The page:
Business Access to Credit Improves, Says Fed Survey

Business Access to Credit Improves, Says Fed Survey

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Banks continued to ease standards and terms on loans to businesses during the fourth quarter of 2010, according to the Senior Loan Officer Opinion Survey conducted in January 2011. Meanwhile, banks' lending policies for other loans were little changed from the previous quarter. The survey, conducted quarterly by the Federal Reserve Board of Governors, covers 57 domestic banks and 22 foreign banks operating in the United States.

Credit availability improves for businesses
Citing a more favorable or less uncertain economic outlook, banks reported easing standards and terms on commercial and industrial (C&I) loans in the fourth quarter. This easing was especially true of loans to companies with more than $50 million in annual sales. Other factors, including heightened competition from other banks and nonbank lenders, industry-specific improvements, and a higher tolerance for risk, caused banks to ease lending standards.

Overall demand for business loans increased in the fourth quarter, according to the survey. Large and midmarket firms in particular showed greater demand for C&I loans, while a smaller percentage of banks reported higher demand for commercial real estate loans.

"Small and mixed" changes for consumer credit
Banks reported "small and mixed" changes in their terms and standards on consumer loans. Similar to the previous two quarters, a small percentage of banks reported easing standards on consumer credit card and non–credit card loans.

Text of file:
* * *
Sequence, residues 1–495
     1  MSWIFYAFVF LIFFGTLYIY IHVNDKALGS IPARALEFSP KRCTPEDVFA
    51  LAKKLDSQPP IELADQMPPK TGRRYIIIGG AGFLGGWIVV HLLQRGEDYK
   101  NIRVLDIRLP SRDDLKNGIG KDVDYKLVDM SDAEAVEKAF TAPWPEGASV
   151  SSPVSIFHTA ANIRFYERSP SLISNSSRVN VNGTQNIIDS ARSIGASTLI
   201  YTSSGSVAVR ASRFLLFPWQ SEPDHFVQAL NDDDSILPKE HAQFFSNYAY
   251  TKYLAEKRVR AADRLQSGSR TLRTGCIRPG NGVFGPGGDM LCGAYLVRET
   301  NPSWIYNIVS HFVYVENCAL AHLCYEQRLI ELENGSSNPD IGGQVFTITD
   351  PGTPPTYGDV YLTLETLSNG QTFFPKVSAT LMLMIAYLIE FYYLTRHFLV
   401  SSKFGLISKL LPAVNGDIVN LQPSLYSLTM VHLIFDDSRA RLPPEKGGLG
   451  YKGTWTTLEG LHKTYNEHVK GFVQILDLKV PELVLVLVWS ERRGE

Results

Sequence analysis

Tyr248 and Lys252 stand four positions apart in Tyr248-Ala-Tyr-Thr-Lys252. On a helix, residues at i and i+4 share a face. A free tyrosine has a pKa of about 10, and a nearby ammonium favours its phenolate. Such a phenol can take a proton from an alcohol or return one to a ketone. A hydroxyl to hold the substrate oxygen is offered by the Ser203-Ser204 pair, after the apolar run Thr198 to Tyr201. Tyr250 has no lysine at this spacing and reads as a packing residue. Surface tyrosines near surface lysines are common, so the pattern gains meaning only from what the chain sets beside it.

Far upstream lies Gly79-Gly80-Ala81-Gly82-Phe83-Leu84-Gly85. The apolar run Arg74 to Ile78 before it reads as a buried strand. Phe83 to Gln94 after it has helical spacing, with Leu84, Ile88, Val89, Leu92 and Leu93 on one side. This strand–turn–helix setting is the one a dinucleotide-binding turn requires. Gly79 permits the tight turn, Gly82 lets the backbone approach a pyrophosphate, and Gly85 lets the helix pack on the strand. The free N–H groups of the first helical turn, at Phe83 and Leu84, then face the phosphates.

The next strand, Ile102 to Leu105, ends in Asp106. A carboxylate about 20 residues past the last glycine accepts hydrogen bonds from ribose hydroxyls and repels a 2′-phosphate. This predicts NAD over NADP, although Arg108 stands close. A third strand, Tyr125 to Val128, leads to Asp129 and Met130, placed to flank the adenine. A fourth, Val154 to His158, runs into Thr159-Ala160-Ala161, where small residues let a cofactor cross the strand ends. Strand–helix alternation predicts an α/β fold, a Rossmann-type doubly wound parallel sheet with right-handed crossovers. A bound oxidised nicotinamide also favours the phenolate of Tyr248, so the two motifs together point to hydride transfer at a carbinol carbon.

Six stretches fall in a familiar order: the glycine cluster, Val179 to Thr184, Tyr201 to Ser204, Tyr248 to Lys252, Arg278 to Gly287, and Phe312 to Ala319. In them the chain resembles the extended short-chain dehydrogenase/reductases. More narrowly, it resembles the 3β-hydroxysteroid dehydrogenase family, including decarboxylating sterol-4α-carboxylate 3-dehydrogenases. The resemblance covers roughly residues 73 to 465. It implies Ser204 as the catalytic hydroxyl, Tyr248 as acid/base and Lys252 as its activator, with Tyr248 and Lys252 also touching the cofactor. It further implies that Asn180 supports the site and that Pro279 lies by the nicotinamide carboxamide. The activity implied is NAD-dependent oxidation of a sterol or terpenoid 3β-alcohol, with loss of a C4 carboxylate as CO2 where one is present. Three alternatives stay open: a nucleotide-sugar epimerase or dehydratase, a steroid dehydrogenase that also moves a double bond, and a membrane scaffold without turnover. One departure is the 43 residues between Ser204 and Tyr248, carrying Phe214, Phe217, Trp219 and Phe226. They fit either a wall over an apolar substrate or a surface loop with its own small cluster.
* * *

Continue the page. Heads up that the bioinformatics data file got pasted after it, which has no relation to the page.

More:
About 95 percent of banks reported that standards on prime residential mortgage loans were unchanged. It was much the same for nontraditional residential mortgages—87 percent of banks reported little change in their standards, while roughly 13 percent reported tightening their standards.

On the demand side, a moderate percentage of banks saw less demand for residential mortgage loans of all types. "Reported demand for closed-end loans has now declined for two consecutive surveys after having increased during parts of 2009 and 2010," said the Fed.

Banks optimistic about lending quality
A special set of questions about the asset quality outlook in 2011 indicated that banks are more optimistic than they have been in previous years. This set of questions has been asked once a year for the past five years. Banks were optimistic that delinquencies and charge-off rates would improve in almost every major lending category. However, the outlook was best for business loans—between 70 percent and 80 percent of respondents said they expect the quality of C&I loans to improve this year.

February 25, 2011